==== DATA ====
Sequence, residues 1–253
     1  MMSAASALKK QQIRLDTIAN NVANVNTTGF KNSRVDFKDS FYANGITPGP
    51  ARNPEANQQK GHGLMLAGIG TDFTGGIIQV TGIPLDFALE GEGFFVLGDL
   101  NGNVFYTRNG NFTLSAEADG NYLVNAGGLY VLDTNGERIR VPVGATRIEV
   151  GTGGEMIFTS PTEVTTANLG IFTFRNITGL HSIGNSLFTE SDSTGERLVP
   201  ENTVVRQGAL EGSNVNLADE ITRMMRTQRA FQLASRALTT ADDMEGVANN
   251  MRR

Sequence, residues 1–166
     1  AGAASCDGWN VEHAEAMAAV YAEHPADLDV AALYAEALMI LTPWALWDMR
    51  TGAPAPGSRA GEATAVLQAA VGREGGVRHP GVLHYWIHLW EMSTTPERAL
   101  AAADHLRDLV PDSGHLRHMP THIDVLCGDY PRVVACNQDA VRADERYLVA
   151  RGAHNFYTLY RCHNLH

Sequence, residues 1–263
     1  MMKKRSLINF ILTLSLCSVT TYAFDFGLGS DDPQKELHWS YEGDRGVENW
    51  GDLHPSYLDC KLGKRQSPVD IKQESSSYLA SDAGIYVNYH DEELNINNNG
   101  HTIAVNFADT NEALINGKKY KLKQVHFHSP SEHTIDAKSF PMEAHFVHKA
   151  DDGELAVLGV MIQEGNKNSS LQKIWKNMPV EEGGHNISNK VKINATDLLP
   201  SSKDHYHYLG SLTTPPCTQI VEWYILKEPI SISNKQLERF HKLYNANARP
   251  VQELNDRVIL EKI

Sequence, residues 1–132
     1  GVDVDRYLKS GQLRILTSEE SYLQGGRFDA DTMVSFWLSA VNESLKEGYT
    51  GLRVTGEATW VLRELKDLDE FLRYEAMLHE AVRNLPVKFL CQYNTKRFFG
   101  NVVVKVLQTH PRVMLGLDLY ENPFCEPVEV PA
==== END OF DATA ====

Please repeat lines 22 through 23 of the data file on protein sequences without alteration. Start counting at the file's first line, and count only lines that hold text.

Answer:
    51  GLRVTGEATW VLRELKDLDE FLRYEAMLHE AVRNLPVKFL CQYNTKRFFG
   101  NVVVKVLQTH PRVMLGLDLY ENPFCEPVEV PA